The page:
Annals of Indian Academy of Neurology
LETTER TO THE EDITOR
Year
: 2020  |  Volume : 23  |  Issue : 3  |  Page : 417--418

Opercular syndrome presenting as trismus: An interesting finding


Maneesh Shakywar1, Kanchana Pillai1, Rajesh Kumar Singh1, Anuj Prabhakar2, Deepa Dash1, Rohit Bhatia1, Manjari Tripathi1,  
1 Department of Neurology, All India Institute of Medical Sciences, New Delhi, India
2 Department of Neuroradiology, All India Institute of Medical Sciences, New Delhi, India

Correspondence Address:
Dr. Rajesh Kumar Singh
Department of Neurology, Room No 703, C.N. Centre, All India Institute of Medical Sciences, New Delhi - 110 029
India




How to cite this article:
Shakywar M, Pillai K, Singh RK, Prabhakar A, Dash D, Bhatia R, Tripathi M. Opercular syndrome presenting as trismus: An interesting finding.Ann Indian Acad Neurol 2020;23:417-418


How to cite this URL:
Shakywar M, Pillai K, Singh RK, Prabhakar A, Dash D, Bhatia R, Tripathi M. Opercular syndrome presenting as trismus: An interesting finding. Ann Indian Acad Neurol [serial online] 2020 [cited 2020 Aug 13 ];23:417-418
Available from: http://www.annalsofian.org/text.asp?2020/23/3/417/268676


Full Text



Sir,

Opercular syndrome (OPS) presents with bilateral paresis of facial, lingual, pharyngeal, and masticatory muscles innervated by 5th, 7th, 9th, 11th, and 12th cranial nerves leading to loss of voluntary control however the autonomic, involuntary and reflexive functions are intact. It occurs due to involvement of bilateral opercular area and vascular aetiology remains the most common leading to this syndrome. Herein, we are reporting a case presenting as trismus and later on diagnosed as opercular syndrome.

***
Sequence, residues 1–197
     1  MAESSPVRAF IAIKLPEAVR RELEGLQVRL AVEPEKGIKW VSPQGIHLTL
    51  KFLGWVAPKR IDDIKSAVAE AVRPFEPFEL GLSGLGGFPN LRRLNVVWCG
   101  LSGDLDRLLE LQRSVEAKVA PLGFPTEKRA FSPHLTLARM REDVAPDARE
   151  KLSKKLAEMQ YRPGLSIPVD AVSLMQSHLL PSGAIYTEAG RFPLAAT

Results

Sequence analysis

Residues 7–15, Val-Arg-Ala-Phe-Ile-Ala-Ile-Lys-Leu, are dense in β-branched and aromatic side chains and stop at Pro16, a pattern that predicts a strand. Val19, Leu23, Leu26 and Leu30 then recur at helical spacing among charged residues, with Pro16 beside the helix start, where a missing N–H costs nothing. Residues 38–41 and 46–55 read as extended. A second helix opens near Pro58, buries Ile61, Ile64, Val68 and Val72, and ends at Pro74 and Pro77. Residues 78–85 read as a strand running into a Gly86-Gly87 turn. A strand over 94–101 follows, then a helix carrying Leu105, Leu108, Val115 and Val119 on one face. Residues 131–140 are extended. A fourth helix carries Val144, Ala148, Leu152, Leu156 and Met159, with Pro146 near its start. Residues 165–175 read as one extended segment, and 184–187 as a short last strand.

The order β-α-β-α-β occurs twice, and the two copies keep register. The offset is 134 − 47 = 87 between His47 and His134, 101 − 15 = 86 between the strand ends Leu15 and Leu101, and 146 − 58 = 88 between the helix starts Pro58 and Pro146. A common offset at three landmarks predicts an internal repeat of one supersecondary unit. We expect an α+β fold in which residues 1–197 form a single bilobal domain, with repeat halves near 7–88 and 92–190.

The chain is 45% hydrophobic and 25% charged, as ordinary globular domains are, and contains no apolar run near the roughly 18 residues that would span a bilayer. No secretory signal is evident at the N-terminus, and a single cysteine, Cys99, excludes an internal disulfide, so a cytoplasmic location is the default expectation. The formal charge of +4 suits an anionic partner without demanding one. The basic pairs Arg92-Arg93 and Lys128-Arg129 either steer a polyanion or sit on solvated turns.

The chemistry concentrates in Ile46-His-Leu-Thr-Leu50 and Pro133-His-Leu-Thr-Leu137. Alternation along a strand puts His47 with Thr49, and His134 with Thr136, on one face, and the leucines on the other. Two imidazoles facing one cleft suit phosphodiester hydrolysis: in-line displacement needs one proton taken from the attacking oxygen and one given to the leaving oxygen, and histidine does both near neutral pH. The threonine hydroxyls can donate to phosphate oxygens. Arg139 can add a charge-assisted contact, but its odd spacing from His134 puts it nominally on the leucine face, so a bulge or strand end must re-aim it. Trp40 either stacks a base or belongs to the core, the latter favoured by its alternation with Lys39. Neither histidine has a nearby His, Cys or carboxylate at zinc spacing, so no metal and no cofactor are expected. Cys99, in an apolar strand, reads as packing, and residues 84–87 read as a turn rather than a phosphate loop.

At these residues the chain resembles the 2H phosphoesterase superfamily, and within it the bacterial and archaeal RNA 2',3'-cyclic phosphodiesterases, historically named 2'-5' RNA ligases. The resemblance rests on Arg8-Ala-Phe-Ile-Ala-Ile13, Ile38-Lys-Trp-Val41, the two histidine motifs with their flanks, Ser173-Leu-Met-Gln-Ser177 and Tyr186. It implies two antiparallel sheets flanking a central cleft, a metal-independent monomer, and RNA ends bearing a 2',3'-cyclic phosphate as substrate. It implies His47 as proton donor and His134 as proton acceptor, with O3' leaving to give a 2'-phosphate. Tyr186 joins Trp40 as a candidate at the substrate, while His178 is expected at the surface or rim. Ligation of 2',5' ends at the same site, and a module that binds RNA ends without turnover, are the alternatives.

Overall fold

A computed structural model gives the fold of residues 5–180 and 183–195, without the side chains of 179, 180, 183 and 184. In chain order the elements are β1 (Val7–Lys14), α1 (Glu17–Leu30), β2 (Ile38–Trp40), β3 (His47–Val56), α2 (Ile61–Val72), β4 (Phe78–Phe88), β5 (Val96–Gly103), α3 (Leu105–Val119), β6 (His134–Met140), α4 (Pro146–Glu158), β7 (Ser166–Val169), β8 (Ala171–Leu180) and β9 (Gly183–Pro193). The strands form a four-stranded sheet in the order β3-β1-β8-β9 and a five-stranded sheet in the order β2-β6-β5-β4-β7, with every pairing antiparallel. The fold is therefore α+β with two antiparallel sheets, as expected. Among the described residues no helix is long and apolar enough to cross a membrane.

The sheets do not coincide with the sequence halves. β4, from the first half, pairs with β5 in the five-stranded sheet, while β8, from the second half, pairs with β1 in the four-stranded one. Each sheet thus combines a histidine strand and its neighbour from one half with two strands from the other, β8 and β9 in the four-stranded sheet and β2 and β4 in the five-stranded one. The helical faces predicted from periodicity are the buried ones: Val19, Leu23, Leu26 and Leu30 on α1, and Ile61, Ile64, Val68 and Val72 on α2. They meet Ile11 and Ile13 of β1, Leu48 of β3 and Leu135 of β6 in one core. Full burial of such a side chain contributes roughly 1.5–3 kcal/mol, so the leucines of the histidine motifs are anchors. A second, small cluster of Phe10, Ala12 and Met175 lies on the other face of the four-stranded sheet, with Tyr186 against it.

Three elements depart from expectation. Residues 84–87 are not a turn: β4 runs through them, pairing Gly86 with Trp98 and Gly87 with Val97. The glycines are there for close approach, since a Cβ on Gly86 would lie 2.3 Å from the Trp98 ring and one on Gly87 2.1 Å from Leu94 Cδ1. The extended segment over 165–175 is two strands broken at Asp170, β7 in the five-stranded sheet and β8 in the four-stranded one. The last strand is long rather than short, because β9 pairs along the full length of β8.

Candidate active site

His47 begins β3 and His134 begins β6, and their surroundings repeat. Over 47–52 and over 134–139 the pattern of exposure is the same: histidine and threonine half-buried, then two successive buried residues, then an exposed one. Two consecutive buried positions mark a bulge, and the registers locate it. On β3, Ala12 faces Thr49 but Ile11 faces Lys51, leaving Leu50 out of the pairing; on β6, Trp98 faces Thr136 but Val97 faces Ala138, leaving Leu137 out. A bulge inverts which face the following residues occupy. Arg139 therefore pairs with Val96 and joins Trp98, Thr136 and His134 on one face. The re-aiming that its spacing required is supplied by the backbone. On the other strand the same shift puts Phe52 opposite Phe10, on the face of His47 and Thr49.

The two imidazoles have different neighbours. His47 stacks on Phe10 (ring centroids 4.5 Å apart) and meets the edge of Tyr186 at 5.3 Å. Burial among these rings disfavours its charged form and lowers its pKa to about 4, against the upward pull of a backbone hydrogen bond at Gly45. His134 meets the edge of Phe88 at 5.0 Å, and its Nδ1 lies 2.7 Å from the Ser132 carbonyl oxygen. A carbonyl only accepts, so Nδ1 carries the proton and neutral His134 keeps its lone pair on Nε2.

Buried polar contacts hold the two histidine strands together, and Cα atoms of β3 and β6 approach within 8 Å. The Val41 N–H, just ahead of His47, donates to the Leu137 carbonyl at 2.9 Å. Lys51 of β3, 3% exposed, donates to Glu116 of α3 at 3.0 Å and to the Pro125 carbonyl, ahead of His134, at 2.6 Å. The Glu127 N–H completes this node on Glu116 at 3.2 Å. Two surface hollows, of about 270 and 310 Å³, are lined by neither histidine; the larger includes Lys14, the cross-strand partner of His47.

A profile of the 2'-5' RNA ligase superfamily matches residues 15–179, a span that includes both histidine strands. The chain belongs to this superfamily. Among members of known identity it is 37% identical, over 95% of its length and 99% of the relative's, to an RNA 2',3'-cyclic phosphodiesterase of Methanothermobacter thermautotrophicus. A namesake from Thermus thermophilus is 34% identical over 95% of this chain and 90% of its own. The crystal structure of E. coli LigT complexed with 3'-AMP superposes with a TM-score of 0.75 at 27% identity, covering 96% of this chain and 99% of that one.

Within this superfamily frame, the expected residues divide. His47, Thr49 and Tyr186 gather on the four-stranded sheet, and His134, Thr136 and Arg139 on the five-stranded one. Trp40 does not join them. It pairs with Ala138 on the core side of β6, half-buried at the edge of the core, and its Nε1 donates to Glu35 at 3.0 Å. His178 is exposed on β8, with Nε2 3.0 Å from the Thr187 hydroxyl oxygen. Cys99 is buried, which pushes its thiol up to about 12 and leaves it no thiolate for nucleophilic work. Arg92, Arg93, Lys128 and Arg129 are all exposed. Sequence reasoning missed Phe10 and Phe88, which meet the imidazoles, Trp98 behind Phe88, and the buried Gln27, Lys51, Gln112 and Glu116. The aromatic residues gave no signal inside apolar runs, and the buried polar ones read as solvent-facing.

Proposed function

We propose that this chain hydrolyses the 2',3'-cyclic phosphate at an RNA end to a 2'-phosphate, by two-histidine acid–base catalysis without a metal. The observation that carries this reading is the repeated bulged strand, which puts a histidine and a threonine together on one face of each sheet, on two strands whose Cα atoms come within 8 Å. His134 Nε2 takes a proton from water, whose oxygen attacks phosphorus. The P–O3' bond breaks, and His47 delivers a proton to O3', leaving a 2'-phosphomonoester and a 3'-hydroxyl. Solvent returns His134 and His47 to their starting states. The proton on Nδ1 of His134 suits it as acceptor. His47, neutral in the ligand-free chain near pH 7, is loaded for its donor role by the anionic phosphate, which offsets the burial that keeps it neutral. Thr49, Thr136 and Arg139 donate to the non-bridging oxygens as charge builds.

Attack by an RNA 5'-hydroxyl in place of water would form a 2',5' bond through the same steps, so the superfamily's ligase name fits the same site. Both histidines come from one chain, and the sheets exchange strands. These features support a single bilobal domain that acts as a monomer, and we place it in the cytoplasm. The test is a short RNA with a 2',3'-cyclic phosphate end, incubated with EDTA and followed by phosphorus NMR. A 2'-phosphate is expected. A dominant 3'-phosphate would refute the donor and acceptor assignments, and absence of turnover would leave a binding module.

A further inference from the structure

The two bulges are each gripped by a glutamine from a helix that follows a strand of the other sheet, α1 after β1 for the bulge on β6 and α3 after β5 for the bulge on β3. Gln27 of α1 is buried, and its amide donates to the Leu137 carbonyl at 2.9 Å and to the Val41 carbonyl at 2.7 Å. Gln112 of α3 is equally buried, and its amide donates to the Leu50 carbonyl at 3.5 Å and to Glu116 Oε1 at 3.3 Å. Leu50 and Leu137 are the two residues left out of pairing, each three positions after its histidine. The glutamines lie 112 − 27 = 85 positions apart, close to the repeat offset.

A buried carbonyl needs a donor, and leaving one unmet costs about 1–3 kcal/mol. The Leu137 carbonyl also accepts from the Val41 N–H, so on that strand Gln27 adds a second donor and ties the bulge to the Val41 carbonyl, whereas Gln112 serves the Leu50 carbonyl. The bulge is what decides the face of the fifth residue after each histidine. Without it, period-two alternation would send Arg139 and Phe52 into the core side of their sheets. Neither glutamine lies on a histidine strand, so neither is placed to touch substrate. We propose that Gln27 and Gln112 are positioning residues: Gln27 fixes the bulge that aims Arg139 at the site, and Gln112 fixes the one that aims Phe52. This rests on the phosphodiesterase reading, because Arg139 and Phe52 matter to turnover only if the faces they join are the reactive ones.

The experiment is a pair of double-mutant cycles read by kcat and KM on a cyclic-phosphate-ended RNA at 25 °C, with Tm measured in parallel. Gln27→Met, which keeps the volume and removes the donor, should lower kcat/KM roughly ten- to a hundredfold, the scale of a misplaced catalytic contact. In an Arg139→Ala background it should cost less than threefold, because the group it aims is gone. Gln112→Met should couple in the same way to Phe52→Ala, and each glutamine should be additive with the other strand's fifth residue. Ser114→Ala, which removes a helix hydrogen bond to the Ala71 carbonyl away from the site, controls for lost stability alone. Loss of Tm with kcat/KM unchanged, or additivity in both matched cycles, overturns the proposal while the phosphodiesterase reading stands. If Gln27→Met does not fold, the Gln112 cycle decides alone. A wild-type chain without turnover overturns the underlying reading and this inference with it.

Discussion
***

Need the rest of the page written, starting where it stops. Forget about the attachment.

A 66-year-lady presented to emergency with acute onset inability to open mouth and speak. She was attended by emergency resident and evaluated for trismus. Neurology consultation was also sought as she had acute symptoms. She had acute onset trismus with tight closure of jaw, was unable to speak although she was conscious, alert, and obeying other commands. On examination she had subtle weakness of right upper limb. All cranial nerves could not be examined properly as she was not opening her mouth; however, later on after some improvement of trismus, she was found to have inability to move her tongue or swallow. However, it was noted that though she did not open her mouth on commands, but she was able to do so during smiling and yawning. She had blood pressure of 130/84 mm Hg and pulse of 84/min. MRI (Magnetic resonance imaging) brain showed acute infarct in left frontal opercular region [Figure 1]. CT angiography Brain was also unremarkable except paucity of the cortical branches of both middle cerebral arteries. Her routine investigations were normal except mild anemia with hemoglobin of 11.6 gm/dl. Electrocardiogram (ECG), echocardiogram and 24-hour Holter examination were normal. Lipid profile was normal. Serum CRP (C reactive protein) was 5.9 mg/dl. Vasculitis markers including ANA (antinuclear antibody), ANCA (antineutrophil cytoplasmic antibodies) were normal. She had history of type 2 diabetes and hypertension for 10 years. She was admitted in our hospital for ischemic stroke (infarction right frontal opercular region) 7 months back for which she was thrombolyzed with recombinant tissue plasminogen activator after which her weakness significantly improved and was regularly taking aspirin 150 mg since then. She was also diagnosed with adenocarcinoma right lung (on biopsy) 8 month back for which she was on regular chemotherapy (6 cycles of carboplatin and pemetrexed). After 2-month follow up, she was able to open her mouth to some extent but was not able to speak and was on Ryle's tube for feeding.{Figure 1}